On the afternoon of November 24, 1971, a nondescript man calling himself Dan Cooper approached the counter of Northwest Orient Airlines in Portland, Oregon KossyDerrickBlog KossyDerrickEnt

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Tuesday, June 20, 2023

On the afternoon of November 24, 1971, a nondescript man calling himself Dan Cooper approached the counter of Northwest Orient Airlines in Portland, Oregon

On the afternoon of November 24, 1971, a nondescript man calling himself Dan Cooper approached the counter of Northwest Orient Airlines in Portland, Oregon. 

He used cash to buy a one-way ticket on Flight #305, bound for Seattle, Washington. Thus began one of the great unsolved mysteries in FBI history.

Cooper was a quiet man who appeared to be in his mid-40s, wearing a business suit with a black tie and white shirt. He ordered a drink - bourbon and soda - while the flight was waiting to take off. A short time after 3:00 p.m., he handed the stewardess a note indicating that he had a bomb in his briefcase and wanted her to sit with him.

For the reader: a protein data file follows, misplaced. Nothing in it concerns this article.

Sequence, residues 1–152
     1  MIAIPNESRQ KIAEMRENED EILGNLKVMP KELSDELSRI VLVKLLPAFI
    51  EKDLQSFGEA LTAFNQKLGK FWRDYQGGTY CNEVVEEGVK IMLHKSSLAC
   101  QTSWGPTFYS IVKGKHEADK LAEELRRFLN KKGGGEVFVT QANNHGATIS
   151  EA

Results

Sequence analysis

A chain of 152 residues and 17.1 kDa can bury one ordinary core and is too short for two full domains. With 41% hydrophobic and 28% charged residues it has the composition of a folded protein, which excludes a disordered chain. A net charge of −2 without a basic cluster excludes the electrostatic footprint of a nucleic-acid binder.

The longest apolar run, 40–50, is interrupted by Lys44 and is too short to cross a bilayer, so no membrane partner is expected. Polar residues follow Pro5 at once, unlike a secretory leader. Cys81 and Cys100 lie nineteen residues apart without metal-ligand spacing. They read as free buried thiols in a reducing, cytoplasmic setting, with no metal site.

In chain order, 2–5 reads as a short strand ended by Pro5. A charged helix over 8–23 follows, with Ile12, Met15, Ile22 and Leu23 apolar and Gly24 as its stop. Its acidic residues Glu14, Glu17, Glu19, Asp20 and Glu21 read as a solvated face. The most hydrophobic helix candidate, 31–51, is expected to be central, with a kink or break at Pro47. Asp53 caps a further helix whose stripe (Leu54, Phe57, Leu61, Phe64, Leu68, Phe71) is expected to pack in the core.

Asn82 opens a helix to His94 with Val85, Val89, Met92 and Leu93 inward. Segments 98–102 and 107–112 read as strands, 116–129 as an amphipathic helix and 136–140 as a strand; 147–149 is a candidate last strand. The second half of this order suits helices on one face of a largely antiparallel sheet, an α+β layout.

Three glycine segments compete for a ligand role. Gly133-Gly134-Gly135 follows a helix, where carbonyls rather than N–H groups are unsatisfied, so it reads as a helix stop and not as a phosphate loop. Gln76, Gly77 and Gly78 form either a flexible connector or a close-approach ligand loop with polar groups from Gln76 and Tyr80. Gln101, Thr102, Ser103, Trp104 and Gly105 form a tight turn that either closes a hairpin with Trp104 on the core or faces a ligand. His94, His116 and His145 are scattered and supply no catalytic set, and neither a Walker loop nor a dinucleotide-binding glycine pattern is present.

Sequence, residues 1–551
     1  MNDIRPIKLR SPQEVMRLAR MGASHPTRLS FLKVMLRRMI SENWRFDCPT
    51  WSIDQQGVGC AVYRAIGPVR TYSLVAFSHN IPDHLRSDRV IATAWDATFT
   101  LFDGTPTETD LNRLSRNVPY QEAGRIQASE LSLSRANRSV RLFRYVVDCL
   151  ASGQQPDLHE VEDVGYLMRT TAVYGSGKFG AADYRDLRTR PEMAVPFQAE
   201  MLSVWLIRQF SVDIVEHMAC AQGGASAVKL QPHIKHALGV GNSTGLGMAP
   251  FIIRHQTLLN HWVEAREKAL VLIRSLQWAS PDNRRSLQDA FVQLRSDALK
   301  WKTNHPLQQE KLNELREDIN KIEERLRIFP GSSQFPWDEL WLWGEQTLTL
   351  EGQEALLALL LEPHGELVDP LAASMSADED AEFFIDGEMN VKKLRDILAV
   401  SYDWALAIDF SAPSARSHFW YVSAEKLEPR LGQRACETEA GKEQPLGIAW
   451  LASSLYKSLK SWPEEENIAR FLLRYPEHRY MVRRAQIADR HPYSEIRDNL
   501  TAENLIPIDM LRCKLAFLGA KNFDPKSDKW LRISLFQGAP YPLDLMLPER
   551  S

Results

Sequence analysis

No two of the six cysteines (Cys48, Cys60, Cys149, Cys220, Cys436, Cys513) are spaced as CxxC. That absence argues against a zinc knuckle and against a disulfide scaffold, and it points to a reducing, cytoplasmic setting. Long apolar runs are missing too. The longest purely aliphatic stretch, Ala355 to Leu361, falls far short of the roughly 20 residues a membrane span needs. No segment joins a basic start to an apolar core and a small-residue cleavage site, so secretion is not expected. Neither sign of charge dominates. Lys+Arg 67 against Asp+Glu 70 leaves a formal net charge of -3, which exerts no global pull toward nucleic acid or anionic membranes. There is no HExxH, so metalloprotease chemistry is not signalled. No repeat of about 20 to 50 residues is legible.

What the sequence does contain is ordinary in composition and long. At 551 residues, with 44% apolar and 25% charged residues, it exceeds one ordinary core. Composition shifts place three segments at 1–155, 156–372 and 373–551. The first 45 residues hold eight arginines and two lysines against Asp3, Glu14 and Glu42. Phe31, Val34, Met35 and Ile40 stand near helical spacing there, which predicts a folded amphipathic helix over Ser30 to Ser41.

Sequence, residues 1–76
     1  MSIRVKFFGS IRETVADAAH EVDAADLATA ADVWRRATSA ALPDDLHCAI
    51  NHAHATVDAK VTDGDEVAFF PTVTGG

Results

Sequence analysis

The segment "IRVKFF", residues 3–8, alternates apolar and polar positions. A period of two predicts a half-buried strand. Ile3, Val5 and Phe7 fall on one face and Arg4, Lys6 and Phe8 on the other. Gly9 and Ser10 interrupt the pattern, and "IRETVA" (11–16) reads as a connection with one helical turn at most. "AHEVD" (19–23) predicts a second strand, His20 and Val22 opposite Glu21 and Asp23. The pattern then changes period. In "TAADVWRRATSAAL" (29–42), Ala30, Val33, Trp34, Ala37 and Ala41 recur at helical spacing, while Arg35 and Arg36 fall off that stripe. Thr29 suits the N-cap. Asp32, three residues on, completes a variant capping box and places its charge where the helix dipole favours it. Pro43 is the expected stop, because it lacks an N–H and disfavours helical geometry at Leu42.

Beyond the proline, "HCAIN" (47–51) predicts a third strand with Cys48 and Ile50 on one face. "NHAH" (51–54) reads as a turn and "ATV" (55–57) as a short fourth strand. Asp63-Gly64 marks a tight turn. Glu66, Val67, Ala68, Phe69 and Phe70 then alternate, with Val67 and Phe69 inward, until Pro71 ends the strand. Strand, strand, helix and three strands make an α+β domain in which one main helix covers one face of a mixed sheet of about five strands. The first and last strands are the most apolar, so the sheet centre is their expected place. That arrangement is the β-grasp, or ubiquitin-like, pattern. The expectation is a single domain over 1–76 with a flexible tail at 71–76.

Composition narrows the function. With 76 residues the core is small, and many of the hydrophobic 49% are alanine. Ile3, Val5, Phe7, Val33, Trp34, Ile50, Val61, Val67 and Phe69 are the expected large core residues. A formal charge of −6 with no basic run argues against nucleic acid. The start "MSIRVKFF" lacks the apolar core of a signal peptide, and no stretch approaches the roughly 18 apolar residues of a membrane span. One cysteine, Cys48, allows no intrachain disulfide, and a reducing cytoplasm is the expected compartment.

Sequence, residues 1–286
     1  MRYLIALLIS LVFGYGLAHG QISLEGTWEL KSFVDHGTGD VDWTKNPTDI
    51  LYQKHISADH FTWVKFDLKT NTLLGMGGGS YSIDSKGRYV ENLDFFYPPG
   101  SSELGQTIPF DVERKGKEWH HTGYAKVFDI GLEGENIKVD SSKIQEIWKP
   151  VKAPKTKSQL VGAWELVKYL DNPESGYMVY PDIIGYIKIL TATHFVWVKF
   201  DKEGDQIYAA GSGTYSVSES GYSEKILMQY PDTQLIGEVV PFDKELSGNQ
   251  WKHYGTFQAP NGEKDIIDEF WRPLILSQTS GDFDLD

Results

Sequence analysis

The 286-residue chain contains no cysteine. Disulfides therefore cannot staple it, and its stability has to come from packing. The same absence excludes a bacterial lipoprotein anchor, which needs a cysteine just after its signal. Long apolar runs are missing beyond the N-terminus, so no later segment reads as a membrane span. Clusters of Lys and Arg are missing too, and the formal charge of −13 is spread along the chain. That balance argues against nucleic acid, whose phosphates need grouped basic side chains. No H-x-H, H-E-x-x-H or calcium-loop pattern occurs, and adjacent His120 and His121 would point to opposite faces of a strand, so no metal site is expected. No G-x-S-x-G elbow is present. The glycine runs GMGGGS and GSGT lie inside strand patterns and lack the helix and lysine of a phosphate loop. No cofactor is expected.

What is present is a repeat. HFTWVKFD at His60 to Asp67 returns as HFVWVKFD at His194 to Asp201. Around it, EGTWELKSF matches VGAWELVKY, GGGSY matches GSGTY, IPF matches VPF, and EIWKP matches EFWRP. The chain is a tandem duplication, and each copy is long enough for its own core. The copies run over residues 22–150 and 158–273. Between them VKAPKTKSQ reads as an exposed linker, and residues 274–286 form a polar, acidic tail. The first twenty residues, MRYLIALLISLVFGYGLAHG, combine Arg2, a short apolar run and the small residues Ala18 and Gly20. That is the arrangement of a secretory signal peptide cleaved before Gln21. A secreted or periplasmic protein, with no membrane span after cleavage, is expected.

The stunned stewardess did as she was told. Opening a cheap attaché case, Cooper showed her a glimpse of a mass of wires and red-colored sticks and demanded that she write down what he told her. Soon, she was walking a new note to the captain of the plane that demanded four parachutes and $200,000 in twenty-dollar bills.

When the flight landed in Seattle, the hijacker exchanged the flight's 36 passengers for the money and parachutes. Cooper kept several crew members, and the plane took off again, ordered to set a course for Mexico City.

Somewhere between Seattle and Reno, a little after 8:00 p.m., the hijacker did the incredible: He jumped out of the back of the plane with a parachute and the ransom money. The pilots landed safely, but Cooper had disappeared into the night, and his ultimate fate remains a mystery to this day.

The FBI learned of the crime in-flight and immediately opened an extensive investigation that lasted many years. Calling it NORJAK, for Northwest Hijacking, we interviewed hundreds of people, tracked leads across the nation, and scoured the aircraft for evidence. By the five-year anniversary of the hijacking, we had considered more than 800 suspects and eliminated all but two dozen from consideration.

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